Dick Macmillan captured the tragedy and drama of Northern Irish news for decades, first on his still camera and then on moving film.
He was both the son of a journalist and father to one, and began his photographic career at the News Letter in the wake of World War Two.
Born on April 29, 1923, in east London to Sam and Gladys (nee Lydiard), he lived in the Purley district in the south of the city.
He was actually christened Geoffrey Harold, but became known as Dick because of an early fascination with birds (the name stemming from the phrase ‘dickie bird’).
His father was a reporter for the Daily Telegraph, and was of Ulster extraction (although he was an Australian citizen, and had fought at Gallipoli during World War One).
In the late 1920s, Sam opted to move to Northern Ireland, where he went on to work for the News Letter.
Aged 16, Dick volunteered to join the RAF at the outbreak of World War Two, lying about his age to get in.
He became an engineer, repairing cockpit instruments – particularly gimbals.
They are devices which keep cameras steady, so that if an aircraft is traversing enemy territory it will be able to take steady images.
Dick moved around the UK during his service, being stationed variously in Kent, Wales, and the Shetland Islands.
He injured his back when he fell out of a Wellington bomber which he had been repairing.
It was while he was recovering in a military hospital in Limavady that he met his future wife Dorothy, who was a sister with the Queen Alexandra Nursing Corps.
Soon after, she was posted to Singapore, Burma and India, and the couple were apart for two years, keeping in touch by letter.
After the war, Dorothy returned to her home village of Clones in Co Monaghan, and the two of them wed at the parish church there in 1948.
At around the same time, Dick got a job alongside his father in the News Letter, working as a photographer, and he moved to north Belfast.
His son Michael – a seasoned journalist who formerly broadcast for the BBC and ITV – said: “He had been involved in photography in the RAF; he spend the war working on cameras in one form or another, and he was a keen photographer.”
Among the major incidents he photographed was the launch of the Donaghadee lifeboat during the rescue operation to save the lives of passengers from the Princess Victoria ferry in 1953 – a sinking which cost 133 lives.
He covered the crash of the Vickers Viking aircraft at Nutts Corner in Co Antrim the same year, when 27 people were killed.
He was on the scene after a large stash of arms was stolen from Gough Barracks in Co Armagh the following year as part of the IRA border campaign.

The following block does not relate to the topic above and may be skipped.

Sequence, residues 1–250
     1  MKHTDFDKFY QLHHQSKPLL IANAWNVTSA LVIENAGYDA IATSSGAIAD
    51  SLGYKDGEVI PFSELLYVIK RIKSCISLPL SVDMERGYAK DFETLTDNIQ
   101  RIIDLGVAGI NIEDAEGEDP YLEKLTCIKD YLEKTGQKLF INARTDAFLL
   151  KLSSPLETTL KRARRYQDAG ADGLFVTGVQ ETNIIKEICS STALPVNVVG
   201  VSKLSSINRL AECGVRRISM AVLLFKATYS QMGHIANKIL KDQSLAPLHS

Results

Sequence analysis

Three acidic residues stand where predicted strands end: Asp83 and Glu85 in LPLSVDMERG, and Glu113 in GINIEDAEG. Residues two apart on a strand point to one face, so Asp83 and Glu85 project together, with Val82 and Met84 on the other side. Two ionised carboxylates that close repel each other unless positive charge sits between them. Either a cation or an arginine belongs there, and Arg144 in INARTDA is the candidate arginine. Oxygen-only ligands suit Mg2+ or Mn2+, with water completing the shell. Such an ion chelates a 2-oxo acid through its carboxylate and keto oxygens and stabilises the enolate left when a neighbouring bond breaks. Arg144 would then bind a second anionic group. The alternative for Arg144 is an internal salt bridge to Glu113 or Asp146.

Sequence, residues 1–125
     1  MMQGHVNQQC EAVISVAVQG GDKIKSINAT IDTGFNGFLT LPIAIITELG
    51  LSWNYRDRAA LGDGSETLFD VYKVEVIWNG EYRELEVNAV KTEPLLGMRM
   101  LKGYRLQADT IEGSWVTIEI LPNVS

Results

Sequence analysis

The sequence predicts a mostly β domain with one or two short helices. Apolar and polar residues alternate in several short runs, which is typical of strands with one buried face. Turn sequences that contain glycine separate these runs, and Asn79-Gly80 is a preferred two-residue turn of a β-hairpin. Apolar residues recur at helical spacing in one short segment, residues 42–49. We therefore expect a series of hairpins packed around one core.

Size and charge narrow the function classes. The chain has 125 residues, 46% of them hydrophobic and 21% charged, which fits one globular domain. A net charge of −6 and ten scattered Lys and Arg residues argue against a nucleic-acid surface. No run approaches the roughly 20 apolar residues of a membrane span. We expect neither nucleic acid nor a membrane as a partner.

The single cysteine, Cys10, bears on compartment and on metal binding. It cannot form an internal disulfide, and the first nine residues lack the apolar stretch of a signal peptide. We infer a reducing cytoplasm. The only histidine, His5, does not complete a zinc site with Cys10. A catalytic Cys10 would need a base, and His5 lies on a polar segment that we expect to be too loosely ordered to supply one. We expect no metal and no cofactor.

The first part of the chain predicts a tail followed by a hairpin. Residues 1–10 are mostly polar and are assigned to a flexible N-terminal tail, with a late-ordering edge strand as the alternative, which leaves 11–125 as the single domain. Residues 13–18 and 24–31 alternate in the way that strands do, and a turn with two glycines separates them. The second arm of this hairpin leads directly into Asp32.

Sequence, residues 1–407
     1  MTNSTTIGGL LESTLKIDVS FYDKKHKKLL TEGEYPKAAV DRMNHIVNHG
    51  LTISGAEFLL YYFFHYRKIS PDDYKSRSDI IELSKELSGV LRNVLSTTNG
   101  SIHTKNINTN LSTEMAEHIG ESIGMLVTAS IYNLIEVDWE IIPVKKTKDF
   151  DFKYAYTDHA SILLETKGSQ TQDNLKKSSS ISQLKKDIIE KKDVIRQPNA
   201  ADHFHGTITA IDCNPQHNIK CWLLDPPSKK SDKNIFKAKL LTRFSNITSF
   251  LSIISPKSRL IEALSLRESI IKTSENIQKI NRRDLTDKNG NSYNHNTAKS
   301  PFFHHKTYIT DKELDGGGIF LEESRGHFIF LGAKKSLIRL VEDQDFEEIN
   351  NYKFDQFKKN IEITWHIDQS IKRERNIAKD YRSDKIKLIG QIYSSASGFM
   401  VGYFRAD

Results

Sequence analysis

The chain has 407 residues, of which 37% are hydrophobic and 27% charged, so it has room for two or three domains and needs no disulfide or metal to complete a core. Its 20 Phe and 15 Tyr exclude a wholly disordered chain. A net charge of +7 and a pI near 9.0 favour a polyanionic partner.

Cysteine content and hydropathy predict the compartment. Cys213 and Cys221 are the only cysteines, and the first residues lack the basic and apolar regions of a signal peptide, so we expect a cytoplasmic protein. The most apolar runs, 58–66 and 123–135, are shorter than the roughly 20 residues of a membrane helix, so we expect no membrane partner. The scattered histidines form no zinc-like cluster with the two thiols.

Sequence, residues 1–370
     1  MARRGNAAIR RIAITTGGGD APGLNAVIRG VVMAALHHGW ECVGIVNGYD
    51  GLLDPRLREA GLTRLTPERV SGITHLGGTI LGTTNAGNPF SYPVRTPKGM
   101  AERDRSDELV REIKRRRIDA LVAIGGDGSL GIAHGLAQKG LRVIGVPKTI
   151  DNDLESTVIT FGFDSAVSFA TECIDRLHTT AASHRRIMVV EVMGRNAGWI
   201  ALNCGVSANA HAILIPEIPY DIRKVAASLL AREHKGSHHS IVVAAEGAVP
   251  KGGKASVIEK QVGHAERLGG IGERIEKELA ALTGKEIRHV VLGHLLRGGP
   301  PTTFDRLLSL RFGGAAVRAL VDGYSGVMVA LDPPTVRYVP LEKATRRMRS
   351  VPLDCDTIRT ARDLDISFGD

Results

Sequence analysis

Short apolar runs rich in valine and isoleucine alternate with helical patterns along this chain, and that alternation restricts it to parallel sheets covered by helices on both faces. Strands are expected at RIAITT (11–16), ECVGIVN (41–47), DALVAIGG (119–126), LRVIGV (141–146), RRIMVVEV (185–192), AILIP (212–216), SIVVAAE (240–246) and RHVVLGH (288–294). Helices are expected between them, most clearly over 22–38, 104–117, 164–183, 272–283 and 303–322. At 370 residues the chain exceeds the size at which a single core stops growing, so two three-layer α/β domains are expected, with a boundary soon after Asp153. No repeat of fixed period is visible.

Not long afterwards he moved to the BBC and became a cameraman, filming events from the outset of the Troubles until the 1980s.
However, one event he did not film was the infamous republican bomb attack on the Co Londonderry village of Claudy on July 31, 1972.
His son Michael told his funeral: “It was with his constant work companion, sound recordist, Brian Willis, that my dad came upon the Claudy bomb by accident.
“They had been driving to Derry and saw the plume of smoke. We had relatives there so my dad was worried.
“They changed course for Claudy. They parked the car seeing the mayhem unfold before them.
“My dad wasn’t happy about where they’d parked so they moved it.
“Then came the second explosion in a car parked right beside where they had moved from.”
Among the scenes he witnessed was Billy Eakin, a relative of his, carrying the body of his daughter Kathryn.
Michael said: “Dad and Brian didn’t do any filming that day. They just comforted the dying and helped the injured.”
His son added that as they years went on, young arrivals at the BBC’s Northern Ireland studios – including Jeremy Paxman and Nicholas Witchell – “learned street wisdom and many other tricks of our trade from Dick Macmillan”.
He left the BBC in 1982, but then went on to work as a cameraman for another few years for UTV.
In retirement he enjoyed caravan trips around France and Spain, and documenting his granddaughter Lucy’s life in pictures.
He had been living in Templepatrick for around the last 30 years of his life.
His wife predeceased him by around five years.
He remained active, owning a scooter and taking an interest in new technology like iPads, and until around three months ago he had been in good health.
He died of heart failure on October 7 in Antrim Hospital. He was 92.
His funeral was on October 10 at Roselawn, Belfast. He was cremated and his ashes – along with those of Dorothy – are to be buried in Clones in the next month or so.
He is survived by his son Michael and daughter Lucy, his younger brother Tony having died about a year earlier.